Smith: Communities of color can't afford more climate change inaction
Close your eyes and think for a moment of the last time you went to the grocery store. Did you run in and out, quickly grabbing the produce and other items you needed? Or did you consider the hands that planted, picked, and packed the berries in your cart? Farmworkers play a critical role in our society, enduring dangerous conditions to keep food on our tables while trying to feed their own families. They've faced a double threat this past year due to the COVID-19 pandemic and unprecedented wildfires — all while receiving lower wages and fewer worker protections than most other workers. Farmworkers, who in Oregon primarily come from low-income Latino families, have to make impossible decisions about whether or not to risk their health and safety, working through wildfire smoke. They are undeniably on the frontlines of dual crises, and while we may see a glimmer of hope ahead for the end of the pandemic, the climate crisis isn't going anywhere. This summer's historic heatwave killed more than 100 Oregonians and turned our state into kindling for the fires that are burning up and down the West Coast. The Bootleg Fire has already burned through more than 400,000 acres, destroyed more than 400 structures and homes, and is nowhere near the point of containment.
We have stalled on climate action for too long, even as each week brings a new unprecedented, record-breaking disaster and our most vulnerable communities bear the brunt. Right here in Portland, neighborhoods primarily made up of people of color are on average 13 degrees hotter than wealthier neighborhoods in the city as a result of more concrete, fewer trees and green spaces, and a history of discriminatory housing policies going back more than 100 years.
The extreme heat disproportionately felt in Black and Brown communities is only getting more intense and more frequent, and presents dangerous and even fatal health threats, including heat stroke, respiratory challenges and exacerbation of existing health conditions such as heart disease. From our economy to public health, the climate crisis touches nearly every part of our lives. Meanwhile, brave Oregonians are risking their lives on the frontlines right now to keep our communities safe and healthy. We have to stop asking if we can afford to take action on climate change and start asking how can we afford not to? It's important to remember: it's not too late. We can still take bold action to preserve our beautiful public lands, our economy, and our way of life for future generations including my granddaughters and yours. We can ensure all workers, including those providing sustenance for millions of Americans, have the opportunity and protections needed to work safely.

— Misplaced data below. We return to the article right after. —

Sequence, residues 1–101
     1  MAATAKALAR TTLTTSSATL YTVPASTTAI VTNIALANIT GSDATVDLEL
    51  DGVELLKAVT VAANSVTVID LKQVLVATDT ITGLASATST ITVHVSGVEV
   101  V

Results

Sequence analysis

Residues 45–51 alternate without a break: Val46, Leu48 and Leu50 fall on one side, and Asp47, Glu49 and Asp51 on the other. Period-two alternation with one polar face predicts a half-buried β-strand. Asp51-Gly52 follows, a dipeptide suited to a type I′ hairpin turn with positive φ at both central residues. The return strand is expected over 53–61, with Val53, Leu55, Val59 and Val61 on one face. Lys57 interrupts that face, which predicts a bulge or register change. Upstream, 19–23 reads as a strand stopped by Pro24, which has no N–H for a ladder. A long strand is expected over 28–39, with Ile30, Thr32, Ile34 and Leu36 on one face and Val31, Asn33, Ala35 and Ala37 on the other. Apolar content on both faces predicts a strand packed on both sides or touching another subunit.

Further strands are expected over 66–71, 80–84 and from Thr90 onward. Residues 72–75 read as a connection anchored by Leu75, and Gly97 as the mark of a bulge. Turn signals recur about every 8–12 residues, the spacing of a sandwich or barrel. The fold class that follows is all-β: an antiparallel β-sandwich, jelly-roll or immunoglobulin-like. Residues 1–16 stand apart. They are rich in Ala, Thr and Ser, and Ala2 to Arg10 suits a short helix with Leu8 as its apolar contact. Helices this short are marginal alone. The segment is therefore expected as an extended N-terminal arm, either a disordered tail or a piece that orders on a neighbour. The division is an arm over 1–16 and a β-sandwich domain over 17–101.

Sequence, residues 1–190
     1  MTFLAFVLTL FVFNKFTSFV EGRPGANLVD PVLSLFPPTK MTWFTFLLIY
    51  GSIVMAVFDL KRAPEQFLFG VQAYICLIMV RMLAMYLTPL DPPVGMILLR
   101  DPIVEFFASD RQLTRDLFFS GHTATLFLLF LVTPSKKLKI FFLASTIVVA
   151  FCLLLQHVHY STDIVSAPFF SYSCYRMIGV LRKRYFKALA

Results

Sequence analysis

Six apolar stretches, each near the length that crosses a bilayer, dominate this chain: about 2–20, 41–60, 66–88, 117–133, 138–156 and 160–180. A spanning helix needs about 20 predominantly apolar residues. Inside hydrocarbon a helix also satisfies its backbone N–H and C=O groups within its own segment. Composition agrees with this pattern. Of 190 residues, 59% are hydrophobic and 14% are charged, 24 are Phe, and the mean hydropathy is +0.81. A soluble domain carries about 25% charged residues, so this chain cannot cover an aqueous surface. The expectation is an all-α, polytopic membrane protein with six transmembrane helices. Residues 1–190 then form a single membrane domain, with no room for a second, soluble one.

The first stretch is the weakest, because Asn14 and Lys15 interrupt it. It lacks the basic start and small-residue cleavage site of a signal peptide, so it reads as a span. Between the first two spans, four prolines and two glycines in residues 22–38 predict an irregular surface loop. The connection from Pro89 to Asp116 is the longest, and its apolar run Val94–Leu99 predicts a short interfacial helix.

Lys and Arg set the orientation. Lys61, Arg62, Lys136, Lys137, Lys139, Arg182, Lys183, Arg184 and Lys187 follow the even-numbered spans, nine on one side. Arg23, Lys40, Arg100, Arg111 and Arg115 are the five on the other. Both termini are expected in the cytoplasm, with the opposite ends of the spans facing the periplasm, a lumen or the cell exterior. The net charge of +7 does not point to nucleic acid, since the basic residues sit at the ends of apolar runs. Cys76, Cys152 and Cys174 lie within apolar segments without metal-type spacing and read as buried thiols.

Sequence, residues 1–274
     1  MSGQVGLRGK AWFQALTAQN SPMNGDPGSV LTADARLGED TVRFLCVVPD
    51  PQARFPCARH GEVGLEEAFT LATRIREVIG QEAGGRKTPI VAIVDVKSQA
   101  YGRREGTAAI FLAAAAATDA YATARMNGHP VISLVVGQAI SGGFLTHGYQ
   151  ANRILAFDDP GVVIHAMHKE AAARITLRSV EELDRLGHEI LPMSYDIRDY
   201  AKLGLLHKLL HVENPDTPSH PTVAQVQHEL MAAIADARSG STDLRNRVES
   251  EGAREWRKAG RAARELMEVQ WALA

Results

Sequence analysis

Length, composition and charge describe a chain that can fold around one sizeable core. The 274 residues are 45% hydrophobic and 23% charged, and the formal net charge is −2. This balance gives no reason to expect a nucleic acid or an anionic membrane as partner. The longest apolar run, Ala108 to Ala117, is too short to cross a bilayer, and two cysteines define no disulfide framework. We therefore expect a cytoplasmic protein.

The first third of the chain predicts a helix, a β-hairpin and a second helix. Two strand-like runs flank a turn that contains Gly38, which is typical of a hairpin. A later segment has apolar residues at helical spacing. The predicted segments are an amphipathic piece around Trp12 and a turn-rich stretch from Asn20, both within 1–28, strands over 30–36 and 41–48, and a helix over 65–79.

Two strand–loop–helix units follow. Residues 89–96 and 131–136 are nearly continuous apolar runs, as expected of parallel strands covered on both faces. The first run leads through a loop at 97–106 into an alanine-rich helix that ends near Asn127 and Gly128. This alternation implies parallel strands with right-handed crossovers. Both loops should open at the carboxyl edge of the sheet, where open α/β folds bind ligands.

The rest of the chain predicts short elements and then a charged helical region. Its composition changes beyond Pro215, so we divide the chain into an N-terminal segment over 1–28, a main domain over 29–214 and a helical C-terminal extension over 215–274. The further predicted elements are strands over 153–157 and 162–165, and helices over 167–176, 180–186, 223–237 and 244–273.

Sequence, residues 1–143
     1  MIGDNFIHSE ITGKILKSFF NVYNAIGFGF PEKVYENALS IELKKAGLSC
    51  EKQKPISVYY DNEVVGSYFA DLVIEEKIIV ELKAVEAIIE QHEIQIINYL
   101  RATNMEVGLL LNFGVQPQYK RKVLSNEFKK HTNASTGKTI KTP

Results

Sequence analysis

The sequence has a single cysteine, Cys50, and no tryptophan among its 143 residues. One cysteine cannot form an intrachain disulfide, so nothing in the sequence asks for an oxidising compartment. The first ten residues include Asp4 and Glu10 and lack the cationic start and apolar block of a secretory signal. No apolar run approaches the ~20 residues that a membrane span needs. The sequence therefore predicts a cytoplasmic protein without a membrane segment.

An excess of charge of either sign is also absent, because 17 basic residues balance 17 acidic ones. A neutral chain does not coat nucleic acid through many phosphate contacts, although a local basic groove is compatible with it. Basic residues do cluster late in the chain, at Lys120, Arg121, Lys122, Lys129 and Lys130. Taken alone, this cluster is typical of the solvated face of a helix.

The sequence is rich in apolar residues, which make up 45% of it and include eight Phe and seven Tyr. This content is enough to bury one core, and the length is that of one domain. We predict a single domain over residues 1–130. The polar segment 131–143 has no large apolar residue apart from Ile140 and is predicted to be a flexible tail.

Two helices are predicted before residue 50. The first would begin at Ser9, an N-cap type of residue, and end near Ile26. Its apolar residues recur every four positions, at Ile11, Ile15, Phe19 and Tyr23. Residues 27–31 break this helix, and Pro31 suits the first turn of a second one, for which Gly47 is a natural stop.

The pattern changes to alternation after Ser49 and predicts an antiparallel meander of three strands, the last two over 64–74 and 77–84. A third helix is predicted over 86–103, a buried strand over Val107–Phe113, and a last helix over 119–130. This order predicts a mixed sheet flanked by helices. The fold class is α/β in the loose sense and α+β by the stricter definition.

We can invest in our infrastructure and renewable energy right here in Oregon. We can foster partnerships between local, state and federal governments to tackle this crisis from all angles. And we can elect leaders who understand the urgency and are not afraid to speak up against injustice, in all its forms. Next time you stock your fridge, I urge Oregonians to not lose sight of those putting their lives at risk to keep our food supply going. Our most vulnerable communities do critical, important work for our country and deserve protections to stay healthy and safe.
Loretta Smith is a former Multnomah County Commissioner and current candidate for U.S. Congress (lorettaforcongress.com).
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